Ireland pardons WWII 'deserters'
Four and a half thousand Irishmen who were branded deserters for joining Britain's struggle against Nazi Germany are to be pardoned, the Irish government announced on Tuesday.
Irish justice minister Alan Shatter told the Irish parliament that the government apologises for the way they were treated by Ireland after the second world war. The men deserted from the Irish defence forces at a time when the neutral Irish Free State was playing no direct part in the battle against the Third Reich.
In August 1945, the government summarily dismissed soldiers who had absented themselves during the war and disqualified them for seven years from holding employment or office remunerated from the state's central fund.
It is estimated that about 100 of them may still be alive....
comments powered by Disqus
- Massachusetts is celebrating the 250th anniversary of the wedding of John and Abigail Adams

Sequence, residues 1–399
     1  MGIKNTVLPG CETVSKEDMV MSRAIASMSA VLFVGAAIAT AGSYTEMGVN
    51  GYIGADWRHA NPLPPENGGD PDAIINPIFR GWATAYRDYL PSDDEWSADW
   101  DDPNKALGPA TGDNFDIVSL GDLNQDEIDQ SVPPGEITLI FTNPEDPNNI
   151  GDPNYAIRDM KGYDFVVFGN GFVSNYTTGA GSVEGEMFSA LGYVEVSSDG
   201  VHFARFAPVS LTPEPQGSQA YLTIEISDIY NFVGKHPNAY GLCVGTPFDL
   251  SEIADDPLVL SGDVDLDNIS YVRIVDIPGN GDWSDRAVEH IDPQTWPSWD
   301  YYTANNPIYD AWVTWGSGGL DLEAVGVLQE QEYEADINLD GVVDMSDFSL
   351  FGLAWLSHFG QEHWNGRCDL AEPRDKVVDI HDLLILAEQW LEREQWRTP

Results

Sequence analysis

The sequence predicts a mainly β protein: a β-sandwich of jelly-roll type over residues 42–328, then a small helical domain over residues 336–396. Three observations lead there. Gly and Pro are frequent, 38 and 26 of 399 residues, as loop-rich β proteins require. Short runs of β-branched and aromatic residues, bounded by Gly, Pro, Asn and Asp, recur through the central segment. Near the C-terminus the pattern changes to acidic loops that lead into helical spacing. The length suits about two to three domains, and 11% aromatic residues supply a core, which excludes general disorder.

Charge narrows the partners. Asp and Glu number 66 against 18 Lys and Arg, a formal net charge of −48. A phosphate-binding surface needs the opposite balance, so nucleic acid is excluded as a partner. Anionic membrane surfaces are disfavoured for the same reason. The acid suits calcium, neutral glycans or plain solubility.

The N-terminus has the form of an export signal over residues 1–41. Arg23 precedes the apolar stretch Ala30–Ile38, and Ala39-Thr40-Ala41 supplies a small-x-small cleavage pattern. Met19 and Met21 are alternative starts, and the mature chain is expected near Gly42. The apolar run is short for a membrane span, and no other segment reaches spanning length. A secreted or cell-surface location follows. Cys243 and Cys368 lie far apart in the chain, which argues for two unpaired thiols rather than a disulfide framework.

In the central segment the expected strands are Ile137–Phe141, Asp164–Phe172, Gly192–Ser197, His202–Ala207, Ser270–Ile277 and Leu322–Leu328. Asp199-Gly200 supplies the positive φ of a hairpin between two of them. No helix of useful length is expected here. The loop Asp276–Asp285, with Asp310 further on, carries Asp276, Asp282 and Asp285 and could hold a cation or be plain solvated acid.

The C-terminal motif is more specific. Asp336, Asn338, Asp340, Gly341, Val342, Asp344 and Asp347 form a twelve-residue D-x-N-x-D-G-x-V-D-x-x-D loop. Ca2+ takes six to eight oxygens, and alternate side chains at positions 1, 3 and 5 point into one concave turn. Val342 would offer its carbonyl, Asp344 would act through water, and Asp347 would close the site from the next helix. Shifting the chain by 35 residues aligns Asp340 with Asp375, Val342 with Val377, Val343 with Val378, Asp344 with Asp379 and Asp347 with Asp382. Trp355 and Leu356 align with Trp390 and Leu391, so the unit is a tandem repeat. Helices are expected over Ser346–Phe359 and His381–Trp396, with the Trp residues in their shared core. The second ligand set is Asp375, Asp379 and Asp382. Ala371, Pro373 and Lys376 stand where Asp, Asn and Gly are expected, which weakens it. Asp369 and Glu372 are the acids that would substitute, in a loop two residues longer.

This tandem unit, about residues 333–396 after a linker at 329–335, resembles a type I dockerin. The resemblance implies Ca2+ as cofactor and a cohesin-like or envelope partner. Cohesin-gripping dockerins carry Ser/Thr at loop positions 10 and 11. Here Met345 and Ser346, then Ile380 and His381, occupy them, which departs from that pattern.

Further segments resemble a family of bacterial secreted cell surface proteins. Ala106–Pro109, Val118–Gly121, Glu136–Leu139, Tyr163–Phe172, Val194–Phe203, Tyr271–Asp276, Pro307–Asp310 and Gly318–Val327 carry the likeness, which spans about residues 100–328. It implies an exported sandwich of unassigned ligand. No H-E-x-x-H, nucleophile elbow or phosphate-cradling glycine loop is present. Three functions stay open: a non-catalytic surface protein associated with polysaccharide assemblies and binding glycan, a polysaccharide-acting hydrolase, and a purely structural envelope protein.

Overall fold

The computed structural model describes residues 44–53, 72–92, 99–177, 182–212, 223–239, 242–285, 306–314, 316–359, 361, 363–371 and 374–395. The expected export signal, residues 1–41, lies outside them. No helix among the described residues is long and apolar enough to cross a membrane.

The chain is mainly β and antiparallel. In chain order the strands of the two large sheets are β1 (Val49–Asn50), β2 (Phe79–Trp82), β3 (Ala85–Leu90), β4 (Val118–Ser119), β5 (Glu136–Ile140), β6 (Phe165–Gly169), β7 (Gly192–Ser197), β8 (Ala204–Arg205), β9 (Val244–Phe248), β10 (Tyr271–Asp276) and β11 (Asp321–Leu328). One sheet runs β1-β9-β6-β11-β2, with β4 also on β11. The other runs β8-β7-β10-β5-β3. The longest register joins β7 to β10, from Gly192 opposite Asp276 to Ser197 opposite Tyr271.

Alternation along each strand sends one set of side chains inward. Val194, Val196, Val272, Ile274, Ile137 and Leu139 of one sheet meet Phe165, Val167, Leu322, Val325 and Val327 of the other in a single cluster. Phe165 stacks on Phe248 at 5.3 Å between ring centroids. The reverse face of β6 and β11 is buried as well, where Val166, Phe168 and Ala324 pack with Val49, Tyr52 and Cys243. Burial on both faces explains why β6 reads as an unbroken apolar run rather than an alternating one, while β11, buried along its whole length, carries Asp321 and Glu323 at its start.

- King Tut had overbite, club foot because his parents were brother and sister
- Prehistoric humans were far smarter than previously assumed
- Priests race to save manuscripts from jihadists in Iraq
- Where Mud Is Archaeological Gold, Russian History Grew on Trees
- Highlights of the recent Oral History Association Meeting
- Rick Perlstein response to Sam Tanenhaus's complaint that he's an aggregator
- Thai historian faces charges for daring to challenge a story about a royal king
- It's Rick Perlstein vs. Judith Stein in a Three Round Fight
- Park Honan, a Biographer of Authors, Is Dead at 86